Retailers Seek Reassurances on Tobacco Tax Reform

ACS has called on Ministers to provide reassurance about tackling the illegal tobacco trade in face of proposals to introduce a new minimum excise tax for tobacco.

The proposal would seek to ensure that the cheapest tobacco on sale in the retail sector yields a higher tax take per pack. This so called ‘minimum excise tax’ is in place in most EU states and is being proposed following an unexpected decline in tobacco tax revenue in 2013/14.

In its response to the consultation, ACS has called for minimum excise tax to only be introduced if it is accompanied by a new approach to tobacco excise policy that focuses on reducing the market for non-UK duty paid tobacco. This includes an end to the annual tobacco duty escalator and a new strategy for targeting those selling illegal tobacco in the community.

ACS Chief Executive James Lowman said: “The fact that tobacco tax yield declined for the first time in the last financial year is an important signal that we need a new approach to tobacco taxation. The policy of dramatically increasing tobacco tax every year is fuelling an illegal trade that is damaging thousands of legitimate retailers. If Ministers decide to go ahead with a minimum excise tax then they must do so alongside a new strategy focused on reducing the supply and demand for illegal tobacco products.”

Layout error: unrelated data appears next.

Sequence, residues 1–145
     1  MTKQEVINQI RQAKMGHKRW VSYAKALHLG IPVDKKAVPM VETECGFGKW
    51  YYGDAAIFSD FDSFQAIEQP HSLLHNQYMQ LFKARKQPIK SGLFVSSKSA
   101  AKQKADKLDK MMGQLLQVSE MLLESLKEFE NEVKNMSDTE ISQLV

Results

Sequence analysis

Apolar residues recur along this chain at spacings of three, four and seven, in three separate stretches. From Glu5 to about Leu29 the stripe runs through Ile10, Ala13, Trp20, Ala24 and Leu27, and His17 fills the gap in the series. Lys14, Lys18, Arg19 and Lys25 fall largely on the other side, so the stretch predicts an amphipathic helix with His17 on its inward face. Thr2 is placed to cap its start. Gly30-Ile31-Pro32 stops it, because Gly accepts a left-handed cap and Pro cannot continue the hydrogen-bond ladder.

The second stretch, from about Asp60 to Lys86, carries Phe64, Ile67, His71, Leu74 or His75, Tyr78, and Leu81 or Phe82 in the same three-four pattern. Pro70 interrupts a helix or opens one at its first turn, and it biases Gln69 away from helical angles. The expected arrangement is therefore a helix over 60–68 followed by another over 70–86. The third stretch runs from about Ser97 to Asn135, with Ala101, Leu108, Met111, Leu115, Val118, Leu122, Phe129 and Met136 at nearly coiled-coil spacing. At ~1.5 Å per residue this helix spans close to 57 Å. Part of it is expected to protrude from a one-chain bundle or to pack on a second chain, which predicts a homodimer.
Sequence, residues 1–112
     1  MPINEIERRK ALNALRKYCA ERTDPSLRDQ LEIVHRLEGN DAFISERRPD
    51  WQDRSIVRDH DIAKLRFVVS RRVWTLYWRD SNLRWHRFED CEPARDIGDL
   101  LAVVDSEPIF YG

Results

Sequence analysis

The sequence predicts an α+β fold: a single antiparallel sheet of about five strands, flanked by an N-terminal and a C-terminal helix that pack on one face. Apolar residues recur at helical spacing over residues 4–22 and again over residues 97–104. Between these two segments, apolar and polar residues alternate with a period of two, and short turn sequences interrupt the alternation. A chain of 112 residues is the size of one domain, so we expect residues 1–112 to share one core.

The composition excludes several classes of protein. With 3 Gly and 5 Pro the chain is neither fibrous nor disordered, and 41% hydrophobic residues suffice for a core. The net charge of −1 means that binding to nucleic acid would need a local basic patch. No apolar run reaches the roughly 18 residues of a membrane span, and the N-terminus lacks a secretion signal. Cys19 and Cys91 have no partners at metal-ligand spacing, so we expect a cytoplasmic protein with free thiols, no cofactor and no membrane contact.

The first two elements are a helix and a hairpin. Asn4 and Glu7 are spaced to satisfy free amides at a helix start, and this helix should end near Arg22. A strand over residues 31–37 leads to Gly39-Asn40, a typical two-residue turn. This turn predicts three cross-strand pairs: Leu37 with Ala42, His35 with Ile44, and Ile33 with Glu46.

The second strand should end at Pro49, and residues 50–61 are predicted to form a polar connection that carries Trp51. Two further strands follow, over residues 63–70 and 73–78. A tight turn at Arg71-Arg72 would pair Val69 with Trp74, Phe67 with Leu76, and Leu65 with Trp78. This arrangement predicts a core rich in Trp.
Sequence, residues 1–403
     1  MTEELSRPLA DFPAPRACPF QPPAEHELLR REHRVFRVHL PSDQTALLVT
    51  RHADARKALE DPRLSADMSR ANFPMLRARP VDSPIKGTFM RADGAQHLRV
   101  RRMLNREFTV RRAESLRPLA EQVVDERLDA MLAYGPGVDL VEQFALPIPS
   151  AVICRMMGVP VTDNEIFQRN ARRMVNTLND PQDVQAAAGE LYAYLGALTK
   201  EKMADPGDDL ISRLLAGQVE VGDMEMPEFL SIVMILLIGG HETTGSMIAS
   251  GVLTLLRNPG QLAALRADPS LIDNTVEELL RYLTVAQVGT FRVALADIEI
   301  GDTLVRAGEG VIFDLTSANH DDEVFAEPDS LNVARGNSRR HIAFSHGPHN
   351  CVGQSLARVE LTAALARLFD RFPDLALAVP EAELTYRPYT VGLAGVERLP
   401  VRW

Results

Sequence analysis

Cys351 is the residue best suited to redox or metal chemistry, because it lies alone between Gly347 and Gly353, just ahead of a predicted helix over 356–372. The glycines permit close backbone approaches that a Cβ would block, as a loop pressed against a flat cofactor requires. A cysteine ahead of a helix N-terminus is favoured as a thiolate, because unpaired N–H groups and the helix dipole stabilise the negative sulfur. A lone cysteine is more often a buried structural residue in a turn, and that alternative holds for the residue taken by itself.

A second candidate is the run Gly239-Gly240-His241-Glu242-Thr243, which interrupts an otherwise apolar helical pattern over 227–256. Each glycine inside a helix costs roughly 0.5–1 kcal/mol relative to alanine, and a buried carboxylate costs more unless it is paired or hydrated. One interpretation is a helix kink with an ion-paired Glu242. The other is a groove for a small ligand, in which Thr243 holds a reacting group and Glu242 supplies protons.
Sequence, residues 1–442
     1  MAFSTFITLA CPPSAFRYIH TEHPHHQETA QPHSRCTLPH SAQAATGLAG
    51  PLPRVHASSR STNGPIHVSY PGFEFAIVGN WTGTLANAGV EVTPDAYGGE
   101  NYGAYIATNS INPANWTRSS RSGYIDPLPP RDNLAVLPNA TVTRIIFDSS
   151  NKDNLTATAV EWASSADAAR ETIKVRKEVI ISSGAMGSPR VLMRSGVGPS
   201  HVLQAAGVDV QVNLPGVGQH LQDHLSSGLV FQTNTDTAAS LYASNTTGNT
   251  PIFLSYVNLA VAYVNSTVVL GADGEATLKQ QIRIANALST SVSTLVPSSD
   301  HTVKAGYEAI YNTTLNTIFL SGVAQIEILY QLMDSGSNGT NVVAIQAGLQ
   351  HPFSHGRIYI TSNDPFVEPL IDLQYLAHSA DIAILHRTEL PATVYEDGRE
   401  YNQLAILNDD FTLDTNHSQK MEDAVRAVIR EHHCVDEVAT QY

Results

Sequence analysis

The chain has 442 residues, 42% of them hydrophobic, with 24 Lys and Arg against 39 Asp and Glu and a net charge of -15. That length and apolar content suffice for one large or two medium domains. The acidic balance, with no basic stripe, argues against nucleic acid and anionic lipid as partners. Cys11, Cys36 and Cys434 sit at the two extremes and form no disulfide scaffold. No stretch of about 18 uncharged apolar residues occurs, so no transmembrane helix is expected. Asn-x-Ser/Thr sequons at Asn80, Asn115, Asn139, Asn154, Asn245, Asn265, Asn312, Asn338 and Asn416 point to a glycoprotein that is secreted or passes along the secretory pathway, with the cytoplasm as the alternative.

ACS has also responded to a London Health Commission Report on public health published today, welcoming calls to tackle the illicit trade in the capital. In the report, the Commission recommends that London should ‘launch a fresh crackdown on the trafficking in and selling of illegal tobacco.’

Mr Lowman continued: “The Commission’s report highlights successful campaigns in other areas of the UK to tackle the illicit trade, and recommends that more should be done in London to stop the illegal sale of tobacco. We welcome the Commission’s focus on this area, but it must be matched by authorities throughout the UK to make a significant impact on a market that costs the treasury over £1billion annually.”

The full submission is available on the ACS website. The London Health Commission’s report is available here


This entry was posted by Chris on Wed, 15/10/2014 - 12:21